Topics for October
Copyright (c) 2000 Commodity Systems Inc. (CSI). All rights are reserved.
Topics discussed in this month's journal.
Defining The Trading Day on U.S. Security Exchanges
Technological advances continue to streamline transactions at U.S. equity exchanges but, surprisingly, some trading innovations have led to delayed quotations of daily summary data. For example, changes made at the stock exchanges in October 1999 led some CSI customers to complain that they did not get their stock data early enough. We agreed that later was generally not better, but in this case, later was the only way to maintain an accurate record of market activity. Fortunately, the inconsistencies introduced in October 1999 and explained below are coming to an end. We anticipate that the very latest innovations at the U.S. securities exchanges will be good news for CSI customers and traders around the world.
Let's review: Before October 1999, all of the U.S. equity exchanges closed at 4:00 p.m. Eastern time. Until then, it was fairly easy for CSI's staff to verify and post the current day's summary data by about 5:00 p.m. These updates included prices, trade volumes, stock split information, dividends, etc. Starting in October 1999 and continuing for nearly a year, while the NYSE halted trading at 4:00 p.m., Nasdaq and some regional exchanges offered trades of Big Board (NYSE) stocks (as well as their own listings) during the evening hours.
A complicating feature of this arrangement was the inconsistent way trades were reported for the various exchanges. All trades for Nasdaq-listed issues that occurred in the late trading session (after 4:00 p.m.) were sent from Nasdaq as Form-T trades. By Nasdaq rule, these trades were not (and still are not) allowed to change the official daily high-low-last price data, but they do increment the volume. Ostensibly, this is because Nasdaq uses 4:00 p.m. prices to calculate indices. They (apparently) have no way to preserve the 4:00 p.m. price quote for each index component. In contrast, trades on Nasdaq of NYSE-listed issues were sent as regular trades, which altered the official composite high-low-last quote.
CSI has traditionally supplied only the complete (official) summary composite stock prices for NYSE stocks, and we continued with this practice during the year of inconsistent closing times. This meant that our quotes for NYSE stocks contained trade records through the 6:35 p.m. closing at Nasdaq and regional exchanges. Any after-hours trades that were sent to the consolidated tape were included, though trades through ECNs (electronic communication networks such as Island, Instinet, and Archipelago) were not.
After all the U.S. stock exchanges close trading for the day, CSI's data banking department runs programs that perform tolerance checks on high-low ranges, insures that all dividends are included and of reasonable value, verifies split ratios, checks to be sure no stocks are missing, etc. When these issues have been addressed, all of this information is packaged into various file formats, compressed, etc. for customer downloading. By the time the Nasdaq close of NYSE stocks rolled around at 6:35, it generally allowed for data availability from CSI around 7:30 p.m. Eastern time.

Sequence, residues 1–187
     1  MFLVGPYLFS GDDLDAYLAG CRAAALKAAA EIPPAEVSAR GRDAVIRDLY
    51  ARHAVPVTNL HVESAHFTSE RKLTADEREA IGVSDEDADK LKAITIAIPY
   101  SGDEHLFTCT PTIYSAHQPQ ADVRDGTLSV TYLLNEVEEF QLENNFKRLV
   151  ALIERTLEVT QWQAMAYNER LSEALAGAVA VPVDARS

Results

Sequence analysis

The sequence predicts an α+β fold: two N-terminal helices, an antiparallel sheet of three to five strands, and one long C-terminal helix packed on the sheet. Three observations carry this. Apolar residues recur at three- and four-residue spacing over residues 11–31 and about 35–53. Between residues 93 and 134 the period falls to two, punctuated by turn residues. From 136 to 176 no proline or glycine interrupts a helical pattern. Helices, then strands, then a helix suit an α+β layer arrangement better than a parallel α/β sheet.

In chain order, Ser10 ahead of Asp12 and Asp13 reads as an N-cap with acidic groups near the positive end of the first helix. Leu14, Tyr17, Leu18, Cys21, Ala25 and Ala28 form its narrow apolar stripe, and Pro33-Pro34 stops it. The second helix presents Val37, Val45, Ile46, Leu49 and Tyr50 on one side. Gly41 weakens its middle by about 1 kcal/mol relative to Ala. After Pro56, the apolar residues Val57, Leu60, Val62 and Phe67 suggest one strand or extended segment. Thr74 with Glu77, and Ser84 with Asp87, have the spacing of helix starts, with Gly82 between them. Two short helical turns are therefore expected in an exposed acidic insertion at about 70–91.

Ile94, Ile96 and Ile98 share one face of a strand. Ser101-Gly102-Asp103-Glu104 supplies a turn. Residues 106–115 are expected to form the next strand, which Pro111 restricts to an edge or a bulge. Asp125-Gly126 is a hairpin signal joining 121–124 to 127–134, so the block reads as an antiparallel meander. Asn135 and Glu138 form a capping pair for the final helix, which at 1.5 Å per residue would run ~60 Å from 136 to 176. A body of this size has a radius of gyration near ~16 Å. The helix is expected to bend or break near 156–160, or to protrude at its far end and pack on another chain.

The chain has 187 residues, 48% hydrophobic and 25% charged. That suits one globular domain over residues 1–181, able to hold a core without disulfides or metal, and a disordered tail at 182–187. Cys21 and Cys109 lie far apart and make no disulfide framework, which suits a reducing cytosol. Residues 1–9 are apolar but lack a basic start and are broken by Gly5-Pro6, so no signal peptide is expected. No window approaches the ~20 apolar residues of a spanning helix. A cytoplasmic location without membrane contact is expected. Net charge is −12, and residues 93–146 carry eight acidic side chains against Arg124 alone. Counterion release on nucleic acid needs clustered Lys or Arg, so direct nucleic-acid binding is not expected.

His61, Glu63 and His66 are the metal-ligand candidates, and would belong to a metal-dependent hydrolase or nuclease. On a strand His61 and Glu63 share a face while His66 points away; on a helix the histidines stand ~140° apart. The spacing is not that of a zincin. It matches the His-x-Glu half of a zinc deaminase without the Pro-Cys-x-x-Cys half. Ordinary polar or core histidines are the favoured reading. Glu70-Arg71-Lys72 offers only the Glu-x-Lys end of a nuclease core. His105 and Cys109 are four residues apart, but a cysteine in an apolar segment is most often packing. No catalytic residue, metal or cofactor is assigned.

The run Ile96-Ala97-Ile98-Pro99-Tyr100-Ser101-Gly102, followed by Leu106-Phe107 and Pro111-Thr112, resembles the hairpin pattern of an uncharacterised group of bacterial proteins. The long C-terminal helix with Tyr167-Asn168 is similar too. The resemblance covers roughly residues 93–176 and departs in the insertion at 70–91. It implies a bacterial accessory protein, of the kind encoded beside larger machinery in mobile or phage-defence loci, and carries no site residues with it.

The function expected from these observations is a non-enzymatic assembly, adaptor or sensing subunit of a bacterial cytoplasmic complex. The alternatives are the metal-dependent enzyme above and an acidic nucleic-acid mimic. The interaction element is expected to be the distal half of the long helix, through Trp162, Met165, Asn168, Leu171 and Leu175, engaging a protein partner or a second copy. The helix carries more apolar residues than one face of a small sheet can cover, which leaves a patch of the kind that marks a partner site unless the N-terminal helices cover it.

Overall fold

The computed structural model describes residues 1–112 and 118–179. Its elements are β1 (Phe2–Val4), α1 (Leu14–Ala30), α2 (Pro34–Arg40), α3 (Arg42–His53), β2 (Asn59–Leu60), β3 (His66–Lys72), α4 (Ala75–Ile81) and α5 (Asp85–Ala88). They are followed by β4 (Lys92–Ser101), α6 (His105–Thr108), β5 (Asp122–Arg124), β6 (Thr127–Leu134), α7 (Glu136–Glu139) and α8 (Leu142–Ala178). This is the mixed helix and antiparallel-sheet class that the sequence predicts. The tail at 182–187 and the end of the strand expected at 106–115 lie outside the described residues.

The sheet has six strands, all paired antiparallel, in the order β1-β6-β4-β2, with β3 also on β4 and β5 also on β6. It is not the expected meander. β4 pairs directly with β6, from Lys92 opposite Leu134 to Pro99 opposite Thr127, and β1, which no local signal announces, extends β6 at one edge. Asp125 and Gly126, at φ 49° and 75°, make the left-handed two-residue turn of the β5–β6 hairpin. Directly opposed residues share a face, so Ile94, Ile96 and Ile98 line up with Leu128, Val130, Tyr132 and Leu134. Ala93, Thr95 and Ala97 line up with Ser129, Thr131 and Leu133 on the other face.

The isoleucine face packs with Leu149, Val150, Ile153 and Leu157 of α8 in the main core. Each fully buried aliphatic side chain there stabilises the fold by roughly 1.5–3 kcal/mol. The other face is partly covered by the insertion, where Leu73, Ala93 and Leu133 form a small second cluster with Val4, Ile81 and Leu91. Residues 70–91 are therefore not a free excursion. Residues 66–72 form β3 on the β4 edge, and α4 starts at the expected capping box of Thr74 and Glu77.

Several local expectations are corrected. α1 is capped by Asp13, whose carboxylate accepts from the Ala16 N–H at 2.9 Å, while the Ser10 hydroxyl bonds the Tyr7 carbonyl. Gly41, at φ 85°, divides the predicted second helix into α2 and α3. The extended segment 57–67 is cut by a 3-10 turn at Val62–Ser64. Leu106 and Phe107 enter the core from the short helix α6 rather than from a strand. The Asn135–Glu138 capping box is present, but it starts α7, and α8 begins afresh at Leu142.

This delay should be a thing of the past by the time you read this Journal. We are pleased to report that the NYSE introduced a rule that, beginning September 21, 2000, all after-hours trades of NYSE-listed issues must also be designated as Form-T trades. Therefore, the high, low and last now reflect the 4:00 p.m. NYSE close.
We speculate that this change was precipitated by Richard Grasso's (chairman of the New York Stock Exchange) expression of concern to the Securities and Exchange Commission that after-hours trades distorted the market, based on the fact that there were many instances of significant stock price volatility on small-lot trades during the low-volume, after-hours trading interval. With the advent of Form-T trades for NYSE issues, small-lot, after-hours trades will no longer distort prices.
National newspaper reports deliver prices from all exchanges as of 4:00 p.m. daily, despite the fact that volume reports are incomplete and, before September 21, NYSE stock prices were incomplete. The 4:00 p.m. close is now a more legitimate figure for all U.S. securities and we are contemplating a procedure change here at CSI to better accommodate it so that data delivery times can be vastly improved. We hope to provide for one update of stock data in an early snapshot form (as newspapers do), and then offer a later or alternate update including the same prices with late trading volume. Of course, this action, if and when taken, would be accompanied by a possible doubling of access frequency without additional cost. We welcome the new Form-T new designation for after-hours trades of NYSE stocks, as it means that prices are reported uniformly for all U.S. securities, regardless of their primary exchange listing.
As this Journal goes to press in mid September, we are awaiting implementation of the new NYSE rule. We expect that it will result in earlier availability of securities prices and earlier access times for CSI customers. Despite the human body's need for rest, the seemingly remote possibility of heavy night trading volume could further expand trading hours beyond 6:35 p.m. In any event, CSI's goal is to provide the most timely, accurate record of exchange-sanctioned data available anywhere.